The Importance of Understanding Conservation Easements and What They Mean for Potential Buyers

Conservation easements have been around since the 1930s, initially used by the federal government to protect scenic land. However, they gained popularity among the general public after becoming tax deductible in 1969 due to the Tax Reform Act of 1969.  

The concept behind an easement is straightforward: it allows conservation-minded investors and landowners to safeguard open spaces, working ranches, and ecologically significant areas for future generations while also providing financial benefits. The urgency to conserve our precious land is evident, as the mountain west has lost millions of acres of agricultural land in the last decade alone. For instance, Wyoming lost an estimated 500,000 acres last year, which had historically served as a way of life for many families and provided critical habitats and migration corridors.

Over the years, a significant amount of wilderness and agricultural land has been placed under easements. Wyoming Public Media reported in 2023 that there were some 40 million acres of privately owned conservation easement lands nationally. However, it is worth noting that only 1% of Wyoming land is under a conservation easement, while in Colorado, 6.6% of private lands are under easements, and in Montana, the number stands at 3.6%. With numerous opportunities to conserve land in the West, it is only natural for landowners to contemplate the value of creating a conservation easement. To understand the benefits better, let’s delve into how it works in Wyoming.

  • In Wyoming, donating a conservation easement to a certified land trust, such as the Wyoming Stock Growers Land Trust (WSGLT), or a government agency allows for federal tax deductions. 
  • In the case of a purchased easement in Wyoming, WSGLT could acquire up to 75% of the total conservation easement value, with the remainder being the donated portion compensated through tax incentives. More info

When considering purchasing a property that already has easements, potential buyers must make decisions. Will the easement hinder planned projects? What kind of improvements are allowed? How will the management of the property be affected? Our friends at WSGLT, for whom I  serve as a board member with, has a great FAQ for us that goes into greater detail about the differences between donated and purchased easements and the effects on the property with an easement that runs with the land.  Read it here. 

Wyoming Stock Growers Land Trust specializes in easements dealing with agricultural land, they maintain a board of directors composed primarily of agricultural producers, are affiliated with Wyoming Stock Growers Association, and are the only Wyoming-based agricultural land trust.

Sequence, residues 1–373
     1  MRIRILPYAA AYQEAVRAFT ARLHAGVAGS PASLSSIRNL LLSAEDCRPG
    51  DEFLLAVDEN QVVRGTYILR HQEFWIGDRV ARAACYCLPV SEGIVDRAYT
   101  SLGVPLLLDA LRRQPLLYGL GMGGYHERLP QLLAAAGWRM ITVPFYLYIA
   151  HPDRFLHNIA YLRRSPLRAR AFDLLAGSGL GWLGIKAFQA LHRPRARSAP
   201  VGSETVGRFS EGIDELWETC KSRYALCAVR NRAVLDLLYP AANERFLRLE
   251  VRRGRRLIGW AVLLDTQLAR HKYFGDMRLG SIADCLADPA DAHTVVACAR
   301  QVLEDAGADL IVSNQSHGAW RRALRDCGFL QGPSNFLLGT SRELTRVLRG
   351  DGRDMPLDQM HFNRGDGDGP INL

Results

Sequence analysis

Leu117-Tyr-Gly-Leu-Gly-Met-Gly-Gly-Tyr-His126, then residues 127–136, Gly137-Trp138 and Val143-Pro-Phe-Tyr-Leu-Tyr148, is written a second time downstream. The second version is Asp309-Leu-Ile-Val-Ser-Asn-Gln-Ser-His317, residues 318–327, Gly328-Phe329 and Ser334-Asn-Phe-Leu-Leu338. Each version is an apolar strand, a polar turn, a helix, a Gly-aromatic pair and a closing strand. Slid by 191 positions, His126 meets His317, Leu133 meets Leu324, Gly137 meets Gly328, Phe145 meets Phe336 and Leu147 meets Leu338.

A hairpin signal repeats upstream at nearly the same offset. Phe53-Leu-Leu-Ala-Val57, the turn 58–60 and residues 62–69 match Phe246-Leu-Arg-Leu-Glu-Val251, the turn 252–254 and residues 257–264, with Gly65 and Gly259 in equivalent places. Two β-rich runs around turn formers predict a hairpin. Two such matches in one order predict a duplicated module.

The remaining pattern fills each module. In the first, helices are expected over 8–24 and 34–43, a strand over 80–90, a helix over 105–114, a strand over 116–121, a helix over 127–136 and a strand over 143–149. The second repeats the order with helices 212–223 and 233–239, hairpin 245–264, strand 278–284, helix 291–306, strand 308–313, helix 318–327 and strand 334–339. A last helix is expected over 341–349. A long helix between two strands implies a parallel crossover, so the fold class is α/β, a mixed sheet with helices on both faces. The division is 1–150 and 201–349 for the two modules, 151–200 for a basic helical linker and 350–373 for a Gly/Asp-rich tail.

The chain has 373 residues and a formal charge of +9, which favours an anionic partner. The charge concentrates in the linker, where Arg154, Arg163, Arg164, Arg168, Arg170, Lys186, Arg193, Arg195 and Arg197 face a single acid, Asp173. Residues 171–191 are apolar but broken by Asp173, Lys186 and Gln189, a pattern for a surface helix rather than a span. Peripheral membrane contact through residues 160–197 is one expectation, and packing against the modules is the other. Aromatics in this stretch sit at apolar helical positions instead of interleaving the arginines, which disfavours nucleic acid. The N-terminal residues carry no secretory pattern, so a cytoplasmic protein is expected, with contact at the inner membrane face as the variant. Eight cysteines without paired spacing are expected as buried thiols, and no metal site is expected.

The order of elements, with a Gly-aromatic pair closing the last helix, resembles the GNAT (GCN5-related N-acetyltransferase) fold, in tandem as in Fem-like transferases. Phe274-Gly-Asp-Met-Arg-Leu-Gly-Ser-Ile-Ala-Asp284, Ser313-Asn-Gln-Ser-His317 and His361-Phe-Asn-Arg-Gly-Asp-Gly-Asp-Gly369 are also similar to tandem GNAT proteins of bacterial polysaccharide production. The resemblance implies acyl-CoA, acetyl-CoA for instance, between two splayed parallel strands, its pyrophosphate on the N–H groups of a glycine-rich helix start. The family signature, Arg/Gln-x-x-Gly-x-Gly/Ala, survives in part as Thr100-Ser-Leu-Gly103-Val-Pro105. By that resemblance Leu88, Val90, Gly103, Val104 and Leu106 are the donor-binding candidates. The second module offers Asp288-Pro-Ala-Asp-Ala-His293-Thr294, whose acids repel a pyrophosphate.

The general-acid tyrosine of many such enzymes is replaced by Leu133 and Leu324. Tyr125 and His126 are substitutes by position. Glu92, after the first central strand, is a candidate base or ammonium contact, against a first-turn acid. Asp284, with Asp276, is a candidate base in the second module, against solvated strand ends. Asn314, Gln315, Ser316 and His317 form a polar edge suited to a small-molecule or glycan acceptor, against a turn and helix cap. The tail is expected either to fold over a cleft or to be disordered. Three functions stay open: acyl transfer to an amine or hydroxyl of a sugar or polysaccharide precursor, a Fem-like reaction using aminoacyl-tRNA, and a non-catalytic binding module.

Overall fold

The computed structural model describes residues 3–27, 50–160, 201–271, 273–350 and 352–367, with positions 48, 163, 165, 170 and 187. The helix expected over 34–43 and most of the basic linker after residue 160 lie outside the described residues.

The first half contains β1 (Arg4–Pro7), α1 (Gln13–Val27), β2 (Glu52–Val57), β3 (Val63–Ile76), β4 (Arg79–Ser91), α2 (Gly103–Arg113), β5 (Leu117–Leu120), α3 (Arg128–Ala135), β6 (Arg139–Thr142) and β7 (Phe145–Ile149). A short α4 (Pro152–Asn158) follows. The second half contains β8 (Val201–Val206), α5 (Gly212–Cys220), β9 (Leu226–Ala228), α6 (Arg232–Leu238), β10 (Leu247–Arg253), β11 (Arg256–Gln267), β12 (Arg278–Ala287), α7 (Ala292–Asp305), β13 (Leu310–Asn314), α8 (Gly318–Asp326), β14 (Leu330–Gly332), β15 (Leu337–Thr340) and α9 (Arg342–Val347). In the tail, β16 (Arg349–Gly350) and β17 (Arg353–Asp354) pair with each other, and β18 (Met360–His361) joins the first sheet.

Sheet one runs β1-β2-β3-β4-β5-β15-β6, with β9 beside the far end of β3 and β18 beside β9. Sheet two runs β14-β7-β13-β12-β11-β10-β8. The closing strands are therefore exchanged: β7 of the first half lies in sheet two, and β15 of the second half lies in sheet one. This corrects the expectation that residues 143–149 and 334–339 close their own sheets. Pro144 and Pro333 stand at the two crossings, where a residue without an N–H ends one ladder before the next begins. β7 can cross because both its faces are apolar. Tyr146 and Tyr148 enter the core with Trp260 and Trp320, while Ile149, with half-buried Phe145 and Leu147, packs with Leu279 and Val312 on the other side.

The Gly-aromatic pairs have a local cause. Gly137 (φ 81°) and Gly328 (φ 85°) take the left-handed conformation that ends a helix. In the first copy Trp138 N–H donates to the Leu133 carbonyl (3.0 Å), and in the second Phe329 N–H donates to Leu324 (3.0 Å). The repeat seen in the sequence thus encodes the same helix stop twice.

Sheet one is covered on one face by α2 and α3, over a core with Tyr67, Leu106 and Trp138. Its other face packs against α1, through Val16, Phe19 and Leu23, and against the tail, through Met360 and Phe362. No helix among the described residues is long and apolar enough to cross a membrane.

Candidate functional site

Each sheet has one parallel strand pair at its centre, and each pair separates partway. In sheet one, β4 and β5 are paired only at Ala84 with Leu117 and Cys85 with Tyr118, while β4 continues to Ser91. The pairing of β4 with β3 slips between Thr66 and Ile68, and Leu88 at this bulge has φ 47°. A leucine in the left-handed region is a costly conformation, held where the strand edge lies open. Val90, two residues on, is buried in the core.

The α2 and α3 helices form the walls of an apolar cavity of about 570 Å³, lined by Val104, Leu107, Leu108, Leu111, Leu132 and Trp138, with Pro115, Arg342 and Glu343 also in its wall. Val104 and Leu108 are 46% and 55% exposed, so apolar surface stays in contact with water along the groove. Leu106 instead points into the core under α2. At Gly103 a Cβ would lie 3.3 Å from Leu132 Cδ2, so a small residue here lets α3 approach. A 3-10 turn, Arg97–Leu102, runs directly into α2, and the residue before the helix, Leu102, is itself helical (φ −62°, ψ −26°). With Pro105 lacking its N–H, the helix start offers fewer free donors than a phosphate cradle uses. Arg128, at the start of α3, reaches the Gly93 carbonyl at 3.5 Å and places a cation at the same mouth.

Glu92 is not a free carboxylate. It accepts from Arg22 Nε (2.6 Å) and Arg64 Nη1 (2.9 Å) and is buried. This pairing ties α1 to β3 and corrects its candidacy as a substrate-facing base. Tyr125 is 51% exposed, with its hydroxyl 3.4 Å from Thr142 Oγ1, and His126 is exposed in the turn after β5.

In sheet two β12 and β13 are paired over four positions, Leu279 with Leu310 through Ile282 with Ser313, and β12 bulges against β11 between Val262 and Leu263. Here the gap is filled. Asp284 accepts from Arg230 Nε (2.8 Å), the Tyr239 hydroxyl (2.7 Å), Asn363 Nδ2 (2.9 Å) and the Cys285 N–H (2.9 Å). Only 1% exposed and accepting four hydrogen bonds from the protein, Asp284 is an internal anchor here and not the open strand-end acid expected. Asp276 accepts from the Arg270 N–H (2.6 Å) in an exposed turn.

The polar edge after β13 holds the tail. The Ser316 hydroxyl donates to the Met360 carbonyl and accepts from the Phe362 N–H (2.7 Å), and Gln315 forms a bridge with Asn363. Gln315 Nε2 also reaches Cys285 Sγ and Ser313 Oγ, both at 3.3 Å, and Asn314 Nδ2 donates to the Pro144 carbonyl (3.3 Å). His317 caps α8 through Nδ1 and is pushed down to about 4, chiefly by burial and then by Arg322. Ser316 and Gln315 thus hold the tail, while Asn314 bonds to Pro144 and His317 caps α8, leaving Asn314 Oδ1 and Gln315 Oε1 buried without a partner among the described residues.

Another resource to consider is The Agricultural Conservation Easement Program (ACEP) run by USDA’s National Resources Conservation Service “provides financial and technical assistance to help conserve agricultural lands and wetlands and their related benefits” in Wyoming, Utah, Colorado, Montana, Idaho, New Mexico, and Nevada.

Wyoming, of course, is not the only state with conservation easement programs. Here’s a look at just some of the organizations facilitating easements in other states in the region:

  • Wyoming: The Wyoming Stock Growers Land Trust focuses specifically on conserving agricultural lands, while the University of Wyoming offers a Conservation Toolkit for state landowners.
  • Colorado: Colorado Cattlemen’s Agricultural Land Trust is an organization that strives to conserve Colorado’s western heritage and working landscapes for the benefit of future generations.
  • Utah: The organization Utah Open Lands works to  permanently protect land in the state by acquiring title or trust of a conservation easement. 
  • Montana: The Montana Land Alliance has worked with landowners to negotiate nearly 1,000 conservation easements on over 1.2 million acres of land in the state. The Montana Association of Land Trusts is comprised of 12 nonprofit land trusts that support excellence in private voluntary land conservation in the state.
  • Idaho: The Idaho Coalition of Land Trusts is a group of 20 nonprofit land trust organizations and affiliate members working on private land conservation and voluntary conservation throughout the state.

Given all these resources, it’s no surprise that a growing number of potential buyers ask us about easements. It’s also a popular subject on our website. For example, The Myths Surrounding Conservation Easements was one of the top five most downloaded podcasts on the Mirr Ranch Group website in 2023 (Listen here) That podcast was inspired by an essay in the Colorado Sun that highlighted some of the misinformation surrounding conservation easements.

There’s a lot to learn when it comes to determining the merits of a conservation easement. Conservation tax credit systems are complex, and you should always consult with experts. At Mirr Ranch Group we have extensive experience guiding landowners through the entire conservation process, so contact us if we can be of assistance.

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